Northrop Grumman to develop common UAV ground control stations for Global Hawk and BAMS reconnaissance craft

PATUXENT RIVER NAS, Md., 4 Feb. 2011. U.S. Navy unmanned aerial vehicle (UAV) experts are asking engineers at the Northrop Grumman Corp. Aerospace Systems segment in Bethpage, N.Y., to develop common UAV ground control stations to fly the Northrop Grumman Global Hawk and Broad Area Maritime Surveillance (BAMS) high-altitude, high-endurance surveillance UAVs. BAMS and Global Hawk are based on the Northrop Grumman RQ-4 UAV airframe.

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PATUXENT RIVER NAS, Md., 4 Feb. 2011. U.S. Navy unmanned aerial vehicle (UAV) experts are asking engineers at the Northrop Grumman Corp. Aerospace Systems segment in Bethpage, N.Y., to develop common UAV ground control stations to fly the Northrop Grumman Global Hawk and Broad Area Maritime Surveillance (BAMS) high-altitude, high-endurance surveillance UAVs. BAMS and Global Hawk are based on the Northrop Grumman RQ-4 UAV airframe.Officials of the Naval Air Systems Command at Patuxent River Naval Air Station announced their intent Wednesday to award a contract to Northrop Grumman to develop common UAV ground control stations able to monitor and manipulate the BAMS and Global Hawk UAVs. The contract will be part of Northrop Grumman's BAMS system development and demonstration project. The amount of the contract has not yet been negotiated.Northrop Grumman is sole designer and integrator for the U.S. Air Force Global Hawk, and is the only contractor with the personnel, technical data, facilities, and equipment necessary to build a BAMS-Global Hawk common UAV ground control station on time and on budget, Navy officials say.This project follows a trend where U.S. military officials are trying to consolidate UAV ground-control technology by developing common UAV ground control stations the are able to handle several different kinds of unmanned aircraft.The Northrop Grumman RQ-4 Global Hawk UAV is a high-altitude, long-endurance surveillance unmanned aircraft that provides theater commanders with broad overview and target surveillance with high-resolution synthetic aperture radar (SAR) that can see through cloud cover and sandstorms, as well as electro-optical/infrared (EO/IR) imagery at long range. It can survey as much as 40,000 square miles each day.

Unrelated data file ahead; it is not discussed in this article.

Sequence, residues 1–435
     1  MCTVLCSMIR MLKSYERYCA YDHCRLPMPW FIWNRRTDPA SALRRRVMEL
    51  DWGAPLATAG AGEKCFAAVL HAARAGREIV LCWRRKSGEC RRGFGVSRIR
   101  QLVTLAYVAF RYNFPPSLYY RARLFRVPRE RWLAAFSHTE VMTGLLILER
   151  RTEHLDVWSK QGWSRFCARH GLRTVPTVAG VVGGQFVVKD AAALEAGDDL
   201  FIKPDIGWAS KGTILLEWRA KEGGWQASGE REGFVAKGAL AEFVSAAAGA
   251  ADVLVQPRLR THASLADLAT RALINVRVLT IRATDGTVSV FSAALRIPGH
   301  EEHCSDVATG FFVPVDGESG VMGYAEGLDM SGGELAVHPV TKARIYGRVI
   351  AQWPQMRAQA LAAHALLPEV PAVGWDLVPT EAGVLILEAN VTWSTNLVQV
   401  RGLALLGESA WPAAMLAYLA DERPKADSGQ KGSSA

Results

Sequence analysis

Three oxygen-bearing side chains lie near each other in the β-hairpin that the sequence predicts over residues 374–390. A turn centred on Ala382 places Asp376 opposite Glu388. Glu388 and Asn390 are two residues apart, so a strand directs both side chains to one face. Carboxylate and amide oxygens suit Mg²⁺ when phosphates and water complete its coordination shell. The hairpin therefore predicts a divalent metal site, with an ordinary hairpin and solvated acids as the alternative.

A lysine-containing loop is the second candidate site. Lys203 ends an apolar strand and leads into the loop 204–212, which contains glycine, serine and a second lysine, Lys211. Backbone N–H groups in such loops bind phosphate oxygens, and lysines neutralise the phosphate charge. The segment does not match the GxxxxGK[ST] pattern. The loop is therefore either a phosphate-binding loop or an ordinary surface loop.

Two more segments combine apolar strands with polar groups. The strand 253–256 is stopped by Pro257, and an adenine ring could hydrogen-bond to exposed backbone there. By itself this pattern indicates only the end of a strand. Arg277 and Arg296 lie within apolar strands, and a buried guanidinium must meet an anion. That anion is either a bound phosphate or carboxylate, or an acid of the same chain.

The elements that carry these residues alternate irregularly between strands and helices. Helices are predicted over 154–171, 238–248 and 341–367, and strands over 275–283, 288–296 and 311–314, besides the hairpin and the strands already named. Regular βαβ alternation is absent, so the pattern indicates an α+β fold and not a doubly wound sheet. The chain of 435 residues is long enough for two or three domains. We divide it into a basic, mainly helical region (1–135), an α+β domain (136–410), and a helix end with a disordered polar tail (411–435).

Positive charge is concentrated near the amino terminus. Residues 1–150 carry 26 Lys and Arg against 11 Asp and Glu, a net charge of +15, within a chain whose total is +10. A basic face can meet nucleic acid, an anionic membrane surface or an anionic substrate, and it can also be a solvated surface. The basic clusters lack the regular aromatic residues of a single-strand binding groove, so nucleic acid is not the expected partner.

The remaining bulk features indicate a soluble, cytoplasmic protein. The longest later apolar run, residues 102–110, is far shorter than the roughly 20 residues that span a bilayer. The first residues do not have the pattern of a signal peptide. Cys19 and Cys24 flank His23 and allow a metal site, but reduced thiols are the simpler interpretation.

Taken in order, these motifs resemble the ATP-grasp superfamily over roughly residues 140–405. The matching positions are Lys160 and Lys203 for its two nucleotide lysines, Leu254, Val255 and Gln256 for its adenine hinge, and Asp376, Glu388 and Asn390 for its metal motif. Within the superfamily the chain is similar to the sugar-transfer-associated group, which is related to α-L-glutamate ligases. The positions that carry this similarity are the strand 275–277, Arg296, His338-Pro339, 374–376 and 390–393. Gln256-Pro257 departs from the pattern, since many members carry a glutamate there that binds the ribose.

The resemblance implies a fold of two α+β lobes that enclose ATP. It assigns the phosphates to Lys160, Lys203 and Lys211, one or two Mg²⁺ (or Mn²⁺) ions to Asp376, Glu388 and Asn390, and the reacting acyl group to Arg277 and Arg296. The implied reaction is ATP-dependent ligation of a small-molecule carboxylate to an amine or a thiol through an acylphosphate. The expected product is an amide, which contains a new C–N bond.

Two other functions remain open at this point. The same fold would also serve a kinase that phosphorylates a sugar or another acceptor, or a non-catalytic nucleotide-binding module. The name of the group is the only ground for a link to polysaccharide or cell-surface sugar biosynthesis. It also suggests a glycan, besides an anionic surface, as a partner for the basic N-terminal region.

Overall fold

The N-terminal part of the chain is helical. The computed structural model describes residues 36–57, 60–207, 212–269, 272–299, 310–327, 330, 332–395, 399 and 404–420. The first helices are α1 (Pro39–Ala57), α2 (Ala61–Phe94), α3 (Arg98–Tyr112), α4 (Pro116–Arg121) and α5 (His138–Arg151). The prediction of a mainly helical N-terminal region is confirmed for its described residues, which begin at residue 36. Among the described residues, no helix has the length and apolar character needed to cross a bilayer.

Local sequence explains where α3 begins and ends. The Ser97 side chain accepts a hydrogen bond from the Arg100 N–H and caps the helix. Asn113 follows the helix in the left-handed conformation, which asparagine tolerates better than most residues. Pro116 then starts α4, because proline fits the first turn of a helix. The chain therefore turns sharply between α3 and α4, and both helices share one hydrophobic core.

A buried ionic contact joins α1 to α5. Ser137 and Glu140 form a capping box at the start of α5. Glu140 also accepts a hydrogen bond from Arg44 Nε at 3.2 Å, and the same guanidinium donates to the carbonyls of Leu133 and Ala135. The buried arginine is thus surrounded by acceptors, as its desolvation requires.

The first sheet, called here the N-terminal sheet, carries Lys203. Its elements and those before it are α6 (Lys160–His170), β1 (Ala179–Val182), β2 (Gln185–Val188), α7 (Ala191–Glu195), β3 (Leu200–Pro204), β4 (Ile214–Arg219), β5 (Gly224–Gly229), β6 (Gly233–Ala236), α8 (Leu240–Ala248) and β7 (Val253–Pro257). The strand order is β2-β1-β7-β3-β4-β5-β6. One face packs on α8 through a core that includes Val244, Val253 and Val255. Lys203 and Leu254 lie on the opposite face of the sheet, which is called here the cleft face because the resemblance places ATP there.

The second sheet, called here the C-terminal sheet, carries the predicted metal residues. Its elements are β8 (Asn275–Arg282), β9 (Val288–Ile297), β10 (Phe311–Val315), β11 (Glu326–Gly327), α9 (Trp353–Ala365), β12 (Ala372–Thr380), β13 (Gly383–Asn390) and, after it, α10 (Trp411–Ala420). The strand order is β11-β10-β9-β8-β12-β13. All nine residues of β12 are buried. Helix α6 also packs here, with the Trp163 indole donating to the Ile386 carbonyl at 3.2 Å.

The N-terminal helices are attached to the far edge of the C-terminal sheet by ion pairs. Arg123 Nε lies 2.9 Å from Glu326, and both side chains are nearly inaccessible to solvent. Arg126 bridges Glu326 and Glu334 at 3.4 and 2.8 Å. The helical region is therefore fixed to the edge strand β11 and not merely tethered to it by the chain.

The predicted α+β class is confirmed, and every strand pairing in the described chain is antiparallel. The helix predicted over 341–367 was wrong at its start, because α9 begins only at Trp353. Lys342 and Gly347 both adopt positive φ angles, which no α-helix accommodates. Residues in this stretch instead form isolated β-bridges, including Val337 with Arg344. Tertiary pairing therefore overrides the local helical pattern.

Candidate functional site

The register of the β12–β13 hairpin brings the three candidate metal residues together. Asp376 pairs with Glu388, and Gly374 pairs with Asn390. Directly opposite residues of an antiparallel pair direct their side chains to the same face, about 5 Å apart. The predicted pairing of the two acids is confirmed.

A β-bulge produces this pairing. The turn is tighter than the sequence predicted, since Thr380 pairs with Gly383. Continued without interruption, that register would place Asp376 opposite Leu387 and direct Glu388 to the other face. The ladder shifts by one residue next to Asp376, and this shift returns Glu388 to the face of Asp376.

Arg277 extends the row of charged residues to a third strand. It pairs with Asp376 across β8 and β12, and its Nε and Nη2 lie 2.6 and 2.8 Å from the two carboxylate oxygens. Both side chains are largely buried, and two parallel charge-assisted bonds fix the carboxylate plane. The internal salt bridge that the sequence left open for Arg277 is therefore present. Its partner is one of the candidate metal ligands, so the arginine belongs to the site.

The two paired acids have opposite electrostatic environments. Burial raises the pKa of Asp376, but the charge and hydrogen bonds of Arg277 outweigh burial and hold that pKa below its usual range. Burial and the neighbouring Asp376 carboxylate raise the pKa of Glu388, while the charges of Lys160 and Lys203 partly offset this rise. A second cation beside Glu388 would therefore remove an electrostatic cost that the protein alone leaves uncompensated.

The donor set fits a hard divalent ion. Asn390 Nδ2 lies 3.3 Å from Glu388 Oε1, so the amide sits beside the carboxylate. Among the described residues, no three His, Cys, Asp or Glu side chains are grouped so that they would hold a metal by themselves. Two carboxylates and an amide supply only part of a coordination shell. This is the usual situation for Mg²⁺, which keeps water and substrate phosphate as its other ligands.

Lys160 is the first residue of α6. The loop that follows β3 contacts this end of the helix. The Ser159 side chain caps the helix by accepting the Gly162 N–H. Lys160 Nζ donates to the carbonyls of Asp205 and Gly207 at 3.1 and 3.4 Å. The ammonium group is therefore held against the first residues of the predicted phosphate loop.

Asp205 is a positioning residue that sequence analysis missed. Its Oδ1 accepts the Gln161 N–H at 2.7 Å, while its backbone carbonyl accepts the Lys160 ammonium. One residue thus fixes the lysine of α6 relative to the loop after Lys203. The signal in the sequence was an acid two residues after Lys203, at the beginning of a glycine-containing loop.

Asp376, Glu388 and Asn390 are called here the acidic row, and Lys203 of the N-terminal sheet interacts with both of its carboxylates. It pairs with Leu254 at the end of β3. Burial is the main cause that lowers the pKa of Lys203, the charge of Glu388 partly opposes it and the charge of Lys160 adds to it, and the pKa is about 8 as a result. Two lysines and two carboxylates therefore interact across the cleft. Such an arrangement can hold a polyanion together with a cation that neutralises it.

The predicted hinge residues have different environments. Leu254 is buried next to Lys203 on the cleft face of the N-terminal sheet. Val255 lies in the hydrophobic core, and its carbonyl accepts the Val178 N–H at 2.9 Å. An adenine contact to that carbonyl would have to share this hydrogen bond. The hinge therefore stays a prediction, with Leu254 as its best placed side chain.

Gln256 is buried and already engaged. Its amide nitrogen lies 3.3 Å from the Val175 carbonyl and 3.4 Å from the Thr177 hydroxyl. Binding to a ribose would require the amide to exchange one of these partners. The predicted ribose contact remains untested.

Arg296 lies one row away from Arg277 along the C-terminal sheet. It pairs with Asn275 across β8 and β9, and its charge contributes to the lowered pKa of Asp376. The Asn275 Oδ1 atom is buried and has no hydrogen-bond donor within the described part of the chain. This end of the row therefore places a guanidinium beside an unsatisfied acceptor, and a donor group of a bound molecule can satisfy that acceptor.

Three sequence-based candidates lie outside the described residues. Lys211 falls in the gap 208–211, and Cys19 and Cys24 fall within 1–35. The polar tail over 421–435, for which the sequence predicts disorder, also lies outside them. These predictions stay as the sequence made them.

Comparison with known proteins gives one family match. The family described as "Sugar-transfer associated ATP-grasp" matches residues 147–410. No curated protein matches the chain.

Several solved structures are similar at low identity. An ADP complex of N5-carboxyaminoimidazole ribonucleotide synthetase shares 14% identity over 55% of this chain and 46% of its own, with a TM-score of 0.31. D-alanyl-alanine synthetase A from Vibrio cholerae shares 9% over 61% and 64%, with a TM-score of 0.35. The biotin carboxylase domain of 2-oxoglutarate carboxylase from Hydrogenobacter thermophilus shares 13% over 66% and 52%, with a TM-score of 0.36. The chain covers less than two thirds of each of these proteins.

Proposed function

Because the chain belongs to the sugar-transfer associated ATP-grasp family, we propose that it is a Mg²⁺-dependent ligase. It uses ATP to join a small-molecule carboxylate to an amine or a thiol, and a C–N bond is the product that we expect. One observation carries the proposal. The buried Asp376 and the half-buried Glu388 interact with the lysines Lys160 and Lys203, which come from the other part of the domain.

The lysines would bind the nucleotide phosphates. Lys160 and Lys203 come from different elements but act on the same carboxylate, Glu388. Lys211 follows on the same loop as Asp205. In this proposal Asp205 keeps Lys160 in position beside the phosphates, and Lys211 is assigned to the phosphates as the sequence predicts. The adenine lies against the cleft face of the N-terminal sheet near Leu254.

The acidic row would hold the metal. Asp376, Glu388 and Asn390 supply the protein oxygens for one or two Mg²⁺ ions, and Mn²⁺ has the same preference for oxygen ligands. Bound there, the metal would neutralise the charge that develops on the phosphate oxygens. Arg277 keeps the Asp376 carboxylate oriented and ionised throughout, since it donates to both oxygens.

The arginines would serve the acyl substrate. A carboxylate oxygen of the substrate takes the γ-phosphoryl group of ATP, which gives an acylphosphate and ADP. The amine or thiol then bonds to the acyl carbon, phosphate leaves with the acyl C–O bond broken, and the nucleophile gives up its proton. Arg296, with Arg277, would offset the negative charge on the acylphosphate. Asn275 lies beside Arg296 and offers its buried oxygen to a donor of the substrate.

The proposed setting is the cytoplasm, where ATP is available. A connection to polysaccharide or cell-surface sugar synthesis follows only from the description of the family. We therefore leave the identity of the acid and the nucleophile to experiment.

The Northrop Grumman RQ-4N BAMS, meanwhile, is a multi-mission maritime intelligence, surveillance, and reconnaissance (ISR) system designed to support strike, signals intelligence, and communications relay duties while operating independently or with other Navy aircraft, surface warships, or submarines.

Navy officials expect BAMS to fulfill part of the long-range maritime patrol and anti-submarine warfare mission that historically has been the role of the P-3 Orion four-engine turboprop aircraft. The UAV will complement the Navy's future Boeing P-8 Poseidon maritime multi-mission aircraft (MMA).

Working together with the P-8 Poseidon, the BAMS UAV primarily would handle high-altitude surveillance, signals intelligence, and communications relay tasks, while the P-8 -- a specially designed version of the Boeing 737 passenger jetliner -- would handle low-altitude reconnaissance, attack, and anti-submarine warfare duties.

BAMS would operate at altitudes higher than 40,000 feet, above the weather and most air traffic, to conduct continuous open-ocean and littoral surveillance of targets as small as exposed submarine periscopes.

For questions or concerns about the Navy's impending contract to Northrop Grumman to develop a common UAV ground control station for BAMS and Global Hawk, contact the Navy's Charles Poston by phone at 301-757-5955, or by e-mail at charles.poston@navy.mil. Also contact the Navy's Kelly Chism by phone at 301-757-5896, or by e-mail at kelly.chism@navy.mil.

More information is online at https://www.fbo.gov/spg/DON/NAVAIR/N00421/N00019-11-R-0042/listing.html.

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